Founded in 1505, the College has amassed an extensive library of books, journals, pamphlets and biographical material and an archive dating from 1460 onwards, of the Incorporation (later ‘Royal College’) and its membership, the history of medicine and surgery and of Edinburgh. Our collections include architectural drawings by Playfair (architect of the present College building), personal papers from some of the most significant names in the history of medicine and surgery such as Sir James Young Simpson, Sir John Struthers, Sir Henry D. and Sir Henry H. Littlejohn, Sir Henry Wade and Sir Arthur Conan Doyle. Access the frequently updated page outlining these collections.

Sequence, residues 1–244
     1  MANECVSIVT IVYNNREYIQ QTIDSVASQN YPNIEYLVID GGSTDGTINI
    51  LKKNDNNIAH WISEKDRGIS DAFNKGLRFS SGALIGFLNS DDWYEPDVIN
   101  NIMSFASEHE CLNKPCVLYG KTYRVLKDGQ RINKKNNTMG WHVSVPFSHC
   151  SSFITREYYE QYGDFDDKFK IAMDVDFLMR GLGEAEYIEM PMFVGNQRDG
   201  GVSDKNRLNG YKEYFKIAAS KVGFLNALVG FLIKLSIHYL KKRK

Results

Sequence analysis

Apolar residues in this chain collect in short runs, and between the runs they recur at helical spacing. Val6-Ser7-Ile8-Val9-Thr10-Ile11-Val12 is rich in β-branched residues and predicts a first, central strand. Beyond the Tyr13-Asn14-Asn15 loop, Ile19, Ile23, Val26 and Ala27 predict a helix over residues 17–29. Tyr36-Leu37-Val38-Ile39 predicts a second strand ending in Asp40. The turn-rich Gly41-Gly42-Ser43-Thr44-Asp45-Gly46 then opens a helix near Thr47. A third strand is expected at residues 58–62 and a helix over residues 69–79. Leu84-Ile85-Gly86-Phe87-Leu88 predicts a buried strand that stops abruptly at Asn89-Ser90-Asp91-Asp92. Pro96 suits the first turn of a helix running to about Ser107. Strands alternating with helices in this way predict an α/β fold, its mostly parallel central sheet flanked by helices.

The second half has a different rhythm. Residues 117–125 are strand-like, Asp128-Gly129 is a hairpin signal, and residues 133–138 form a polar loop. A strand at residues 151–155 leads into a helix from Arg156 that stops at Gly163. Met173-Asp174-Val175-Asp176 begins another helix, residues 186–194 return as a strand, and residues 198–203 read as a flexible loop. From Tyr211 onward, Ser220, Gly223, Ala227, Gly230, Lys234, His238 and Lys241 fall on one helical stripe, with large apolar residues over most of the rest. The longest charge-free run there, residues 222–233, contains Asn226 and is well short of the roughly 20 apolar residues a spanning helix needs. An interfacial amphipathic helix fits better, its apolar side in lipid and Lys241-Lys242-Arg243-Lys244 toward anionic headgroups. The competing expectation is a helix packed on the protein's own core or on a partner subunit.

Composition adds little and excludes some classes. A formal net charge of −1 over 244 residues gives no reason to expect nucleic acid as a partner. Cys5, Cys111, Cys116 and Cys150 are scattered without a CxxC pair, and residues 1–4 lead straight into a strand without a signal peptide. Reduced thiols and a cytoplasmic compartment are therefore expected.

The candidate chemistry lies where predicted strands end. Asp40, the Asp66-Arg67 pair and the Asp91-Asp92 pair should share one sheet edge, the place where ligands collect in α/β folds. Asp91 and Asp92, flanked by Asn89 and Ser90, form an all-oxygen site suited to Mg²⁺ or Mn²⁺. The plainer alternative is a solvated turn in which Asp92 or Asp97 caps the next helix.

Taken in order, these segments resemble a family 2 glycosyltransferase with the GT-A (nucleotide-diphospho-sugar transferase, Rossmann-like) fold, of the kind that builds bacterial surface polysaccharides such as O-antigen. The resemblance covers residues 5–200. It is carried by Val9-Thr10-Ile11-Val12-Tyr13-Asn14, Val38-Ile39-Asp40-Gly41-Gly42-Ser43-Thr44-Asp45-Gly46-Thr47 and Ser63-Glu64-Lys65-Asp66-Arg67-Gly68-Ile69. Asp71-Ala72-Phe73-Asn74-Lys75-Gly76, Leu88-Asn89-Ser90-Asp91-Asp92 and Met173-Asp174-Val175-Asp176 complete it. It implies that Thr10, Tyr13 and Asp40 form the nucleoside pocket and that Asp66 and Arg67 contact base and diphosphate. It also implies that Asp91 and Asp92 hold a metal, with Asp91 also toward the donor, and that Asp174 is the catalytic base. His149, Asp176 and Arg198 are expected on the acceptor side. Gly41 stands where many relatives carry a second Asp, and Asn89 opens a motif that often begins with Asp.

The library team’s primary function is the support of the current (and historical) information needs of the College's Fellows and Members, but we are always pleased to support enquiries from individual medical historians, researchers and the public. There may be a fee charged for research carried out for enquirers.
Each year the Library at The Royal College of Surgeons of Edinburgh receives hundreds of historical enquiries from researchers and the public. Most are of a genealogical/family history nature, and while we are very keen to assist with these, such research can be time-consuming. So it is helpful if enquirers have already checked with the other information resources generally available to them first, before contacting us.